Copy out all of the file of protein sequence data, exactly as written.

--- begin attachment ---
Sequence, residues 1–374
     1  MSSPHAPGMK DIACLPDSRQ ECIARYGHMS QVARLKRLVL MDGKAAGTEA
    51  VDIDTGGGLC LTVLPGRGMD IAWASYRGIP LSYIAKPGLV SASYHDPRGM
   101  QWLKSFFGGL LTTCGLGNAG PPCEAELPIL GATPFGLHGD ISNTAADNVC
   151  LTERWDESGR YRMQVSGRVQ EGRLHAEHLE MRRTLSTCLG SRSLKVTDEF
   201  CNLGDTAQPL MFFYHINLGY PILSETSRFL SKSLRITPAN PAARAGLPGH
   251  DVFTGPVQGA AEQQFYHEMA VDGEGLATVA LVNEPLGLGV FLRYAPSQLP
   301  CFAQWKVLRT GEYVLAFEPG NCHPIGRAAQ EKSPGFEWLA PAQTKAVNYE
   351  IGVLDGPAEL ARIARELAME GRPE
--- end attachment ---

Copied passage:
Sequence, residues 1–374
     1  MSSPHAPGMK DIACLPDSRQ ECIARYGHMS QVARLKRLVL MDGKAAGTEA
    51  VDIDTGGGLC LTVLPGRGMD IAWASYRGIP LSYIAKPGLV SASYHDPRGM
   101  QWLKSFFGGL LTTCGLGNAG PPCEAELPIL GATPFGLHGD ISNTAADNVC
   151  LTERWDESGR YRMQVSGRVQ EGRLHAEHLE MRRTLSTCLG SRSLKVTDEF
   201  CNLGDTAQPL MFFYHINLGY PILSETSRFL SKSLRITPAN PAARAGLPGH
   251  DVFTGPVQGA AEQQFYHEMA VDGEGLATVA LVNEPLGLGV FLRYAPSQLP
   301  CFAQWKVLRT GEYVLAFEPG NCHPIGRAAQ EKSPGFEWLA PAQTKAVNYE
   351  IGVLDGPAEL ARIARELAME GRPE